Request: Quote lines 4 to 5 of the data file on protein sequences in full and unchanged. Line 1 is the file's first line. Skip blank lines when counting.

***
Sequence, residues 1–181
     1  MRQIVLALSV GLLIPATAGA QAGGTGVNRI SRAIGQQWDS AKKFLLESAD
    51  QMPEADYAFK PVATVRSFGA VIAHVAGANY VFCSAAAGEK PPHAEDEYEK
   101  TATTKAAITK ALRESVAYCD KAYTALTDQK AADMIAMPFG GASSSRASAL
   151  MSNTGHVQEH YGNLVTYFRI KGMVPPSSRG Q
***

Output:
   101  TATTKAAITK ALRESVAYCD KAYTALTDQK AADMIAMPFG GASSSRASAL
   151  MSNTGHVQEH YGNLVTYFRI KGMVPPSSRG Q